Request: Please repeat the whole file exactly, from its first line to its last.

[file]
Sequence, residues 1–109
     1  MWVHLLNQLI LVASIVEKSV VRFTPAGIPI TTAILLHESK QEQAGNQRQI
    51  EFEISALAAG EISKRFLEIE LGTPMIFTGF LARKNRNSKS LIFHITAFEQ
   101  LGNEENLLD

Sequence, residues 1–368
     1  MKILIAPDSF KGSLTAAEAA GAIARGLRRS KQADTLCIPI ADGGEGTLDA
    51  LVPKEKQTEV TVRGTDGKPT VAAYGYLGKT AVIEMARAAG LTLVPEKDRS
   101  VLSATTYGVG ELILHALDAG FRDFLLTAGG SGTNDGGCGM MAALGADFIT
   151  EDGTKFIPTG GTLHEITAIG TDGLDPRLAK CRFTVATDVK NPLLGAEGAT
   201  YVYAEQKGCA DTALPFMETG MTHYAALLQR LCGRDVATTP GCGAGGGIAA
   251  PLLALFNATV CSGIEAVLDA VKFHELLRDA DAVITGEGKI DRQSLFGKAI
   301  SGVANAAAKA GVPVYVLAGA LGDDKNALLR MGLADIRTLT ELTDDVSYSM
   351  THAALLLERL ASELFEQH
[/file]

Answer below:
Sequence, residues 1–109
     1  MWVHLLNQLI LVASIVEKSV VRFTPAGIPI TTAILLHESK QEQAGNQRQI
    51  EFEISALAAG EISKRFLEIE LGTPMIFTGF LARKNRNSKS LIFHITAFEQ
   101  LGNEENLLD

Sequence, residues 1–368
     1  MKILIAPDSF KGSLTAAEAA GAIARGLRRS KQADTLCIPI ADGGEGTLDA
    51  LVPKEKQTEV TVRGTDGKPT VAAYGYLGKT AVIEMARAAG LTLVPEKDRS
   101  VLSATTYGVG ELILHALDAG FRDFLLTAGG SGTNDGGCGM MAALGADFIT
   151  EDGTKFIPTG GTLHEITAIG TDGLDPRLAK CRFTVATDVK NPLLGAEGAT
   201  YVYAEQKGCA DTALPFMETG MTHYAALLQR LCGRDVATTP GCGAGGGIAA
   251  PLLALFNATV CSGIEAVLDA VKFHELLRDA DAVITGEGKI DRQSLFGKAI
   301  SGVANAAAKA GVPVYVLAGA LGDDKNALLR MGLADIRTLT ELTDDVSYSM
   351  THAALLLERL ASELFEQH